Gathering his resolve in that moment, Vacca shifted to his left foot, looking as though he were about to go in that direction, but just as quickly moved to his right, a maneuver that might have worked against many foes, but not Tyn.  As much time as he had spent from the city, Vacca was still predictable in that he would try to fake out his opponent before coming straight ahead.  The ranger was quite skilled at feinting and striking, running, and striking again, but it would not work against someone that knew him so well.  Tyn did not fall for the feint, blocking the next two attacks his brother brought against his left side easily, managing to aid his brother in falling hard against one of the chairs near the hearth as Vacca almost doubled over in pain, the hit that he’d suffered finally taking its toll as Tyn had intended.

It was a method that he had learned from the veterans among the city guard, one that would attack an opponent in two different ways. While it didn’t work against everyone, it was more than effective when it did take hold.  The trick of it was to strike with enough force and in the many spots that had been designated after much study of anatomy as crucial weak points within an opponent’s body.  The resulting blow would damage not only the outer portion of the enemy’s body, but the force of it would sink deeper, penetrating tissues and spreading out so that once the enemy attacked again, the workings of their own muscles would add to the damage, furthering the attack without any further assistance from the defender.  It was a talent that Tyn had picked up quickly, and one that he’d hoped to not have to use against his brother.  But Vacca had shown no reservations about using force against him, so fair was fair.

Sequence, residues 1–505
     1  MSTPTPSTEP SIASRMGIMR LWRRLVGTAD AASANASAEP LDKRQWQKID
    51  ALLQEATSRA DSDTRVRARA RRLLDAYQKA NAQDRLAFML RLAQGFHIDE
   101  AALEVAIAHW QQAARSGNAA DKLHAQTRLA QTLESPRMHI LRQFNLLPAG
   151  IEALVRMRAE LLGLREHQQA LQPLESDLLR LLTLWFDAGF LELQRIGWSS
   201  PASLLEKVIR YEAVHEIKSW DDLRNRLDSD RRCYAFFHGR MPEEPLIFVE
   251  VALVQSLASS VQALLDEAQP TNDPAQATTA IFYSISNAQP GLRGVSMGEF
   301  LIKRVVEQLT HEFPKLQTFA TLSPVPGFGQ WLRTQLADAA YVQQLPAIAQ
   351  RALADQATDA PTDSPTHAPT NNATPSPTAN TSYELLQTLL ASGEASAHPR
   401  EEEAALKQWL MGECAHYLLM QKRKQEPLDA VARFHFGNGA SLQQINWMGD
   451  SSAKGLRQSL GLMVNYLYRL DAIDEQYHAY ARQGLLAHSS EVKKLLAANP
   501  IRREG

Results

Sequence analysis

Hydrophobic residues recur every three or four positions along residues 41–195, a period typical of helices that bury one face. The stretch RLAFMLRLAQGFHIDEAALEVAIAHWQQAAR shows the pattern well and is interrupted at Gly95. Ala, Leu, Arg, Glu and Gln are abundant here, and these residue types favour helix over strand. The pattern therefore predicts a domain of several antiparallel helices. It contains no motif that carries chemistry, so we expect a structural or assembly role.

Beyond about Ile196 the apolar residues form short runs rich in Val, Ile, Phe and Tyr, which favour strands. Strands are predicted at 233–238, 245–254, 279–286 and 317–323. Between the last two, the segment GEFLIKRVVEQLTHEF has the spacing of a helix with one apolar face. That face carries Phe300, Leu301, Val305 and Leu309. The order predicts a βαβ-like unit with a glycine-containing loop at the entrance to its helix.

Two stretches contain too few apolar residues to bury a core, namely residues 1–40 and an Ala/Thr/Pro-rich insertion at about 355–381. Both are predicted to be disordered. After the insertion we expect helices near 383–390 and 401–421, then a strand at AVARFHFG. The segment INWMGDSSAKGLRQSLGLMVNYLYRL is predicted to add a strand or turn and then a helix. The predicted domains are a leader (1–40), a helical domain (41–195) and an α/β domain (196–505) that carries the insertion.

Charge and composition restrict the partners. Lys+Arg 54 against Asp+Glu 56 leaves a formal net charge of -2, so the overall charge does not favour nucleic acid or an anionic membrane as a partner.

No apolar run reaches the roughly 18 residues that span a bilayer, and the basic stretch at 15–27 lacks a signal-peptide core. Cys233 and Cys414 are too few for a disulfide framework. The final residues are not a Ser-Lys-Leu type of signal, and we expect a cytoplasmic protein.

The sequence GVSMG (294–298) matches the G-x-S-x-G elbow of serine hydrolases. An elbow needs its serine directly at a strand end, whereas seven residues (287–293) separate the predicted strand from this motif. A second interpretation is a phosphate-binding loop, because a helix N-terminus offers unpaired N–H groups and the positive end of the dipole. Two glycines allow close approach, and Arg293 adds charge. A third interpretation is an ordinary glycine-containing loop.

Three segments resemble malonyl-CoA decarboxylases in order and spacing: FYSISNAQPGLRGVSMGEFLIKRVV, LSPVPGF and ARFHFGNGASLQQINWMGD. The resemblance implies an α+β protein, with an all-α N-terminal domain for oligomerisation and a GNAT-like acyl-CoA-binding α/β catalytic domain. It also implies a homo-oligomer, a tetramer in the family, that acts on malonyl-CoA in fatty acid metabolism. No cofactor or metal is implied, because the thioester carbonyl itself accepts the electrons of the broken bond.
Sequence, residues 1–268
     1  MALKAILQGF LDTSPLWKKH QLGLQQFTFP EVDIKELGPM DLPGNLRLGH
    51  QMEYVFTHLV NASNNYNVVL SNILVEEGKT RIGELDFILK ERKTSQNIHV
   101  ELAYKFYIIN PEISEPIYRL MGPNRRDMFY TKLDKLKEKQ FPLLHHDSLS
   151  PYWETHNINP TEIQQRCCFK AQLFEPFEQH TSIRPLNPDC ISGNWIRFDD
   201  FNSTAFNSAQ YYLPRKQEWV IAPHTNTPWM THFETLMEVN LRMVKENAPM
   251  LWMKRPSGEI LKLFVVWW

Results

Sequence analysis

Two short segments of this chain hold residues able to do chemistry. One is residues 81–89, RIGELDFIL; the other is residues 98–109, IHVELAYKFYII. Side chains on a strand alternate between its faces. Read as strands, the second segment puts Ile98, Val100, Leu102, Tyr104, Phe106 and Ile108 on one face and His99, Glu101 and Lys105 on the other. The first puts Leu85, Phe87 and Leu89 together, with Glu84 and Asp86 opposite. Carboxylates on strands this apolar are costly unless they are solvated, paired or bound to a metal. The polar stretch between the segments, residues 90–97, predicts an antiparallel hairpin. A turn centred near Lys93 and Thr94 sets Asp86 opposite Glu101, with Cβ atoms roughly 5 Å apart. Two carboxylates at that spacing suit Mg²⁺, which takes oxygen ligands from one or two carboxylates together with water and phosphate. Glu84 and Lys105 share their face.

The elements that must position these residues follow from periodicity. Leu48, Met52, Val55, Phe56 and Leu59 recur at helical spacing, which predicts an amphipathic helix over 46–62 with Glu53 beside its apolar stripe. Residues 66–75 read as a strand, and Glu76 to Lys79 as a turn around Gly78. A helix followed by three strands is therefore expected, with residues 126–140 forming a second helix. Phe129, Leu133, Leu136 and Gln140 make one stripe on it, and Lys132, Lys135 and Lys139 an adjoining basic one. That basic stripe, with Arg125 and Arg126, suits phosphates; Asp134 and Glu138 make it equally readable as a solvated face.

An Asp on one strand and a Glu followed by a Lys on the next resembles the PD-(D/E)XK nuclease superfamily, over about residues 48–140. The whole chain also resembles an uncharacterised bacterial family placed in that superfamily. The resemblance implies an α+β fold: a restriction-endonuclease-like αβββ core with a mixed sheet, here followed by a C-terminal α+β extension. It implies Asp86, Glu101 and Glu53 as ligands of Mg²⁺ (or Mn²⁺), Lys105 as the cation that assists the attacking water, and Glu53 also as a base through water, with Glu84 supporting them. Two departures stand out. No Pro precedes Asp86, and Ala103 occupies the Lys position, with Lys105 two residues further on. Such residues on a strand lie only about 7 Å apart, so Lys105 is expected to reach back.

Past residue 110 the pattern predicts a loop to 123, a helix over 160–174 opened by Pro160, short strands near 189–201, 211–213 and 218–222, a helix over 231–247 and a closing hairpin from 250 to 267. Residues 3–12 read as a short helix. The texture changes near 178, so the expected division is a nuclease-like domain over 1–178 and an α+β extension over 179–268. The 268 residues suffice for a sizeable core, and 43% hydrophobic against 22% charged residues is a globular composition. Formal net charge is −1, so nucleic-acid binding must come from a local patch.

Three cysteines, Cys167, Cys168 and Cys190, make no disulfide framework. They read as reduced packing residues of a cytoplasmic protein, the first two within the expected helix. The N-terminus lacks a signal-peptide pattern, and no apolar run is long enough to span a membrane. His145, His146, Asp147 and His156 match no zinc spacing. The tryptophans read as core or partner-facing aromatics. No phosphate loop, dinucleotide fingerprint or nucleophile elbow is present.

“What, what did you do?” Vacca asked, holding his arms close to his body, glaring at him now as he tried to defend.  Tyn took a slow step forward, his eyes still upon the ranger as he raised his hammer again.  His brother attempted to defend as the hammer swung for his left shoulder, Tyn’s intention to force Vacca into dropping his weapon.  His brother couldn’t raise his weapons fast enough as Tyn attacked, silent as his hammer whistled through the air, finding Vacca’s shoulder with unerring ease as its metal head connected without mercy, the snapping of bone loud even over the popping and hissing flames from the heart.  Vacca’s yell of pain and outrage was even louder though, but somehow he held onto his weapon, his left hand even tightening upon the grip of the blade.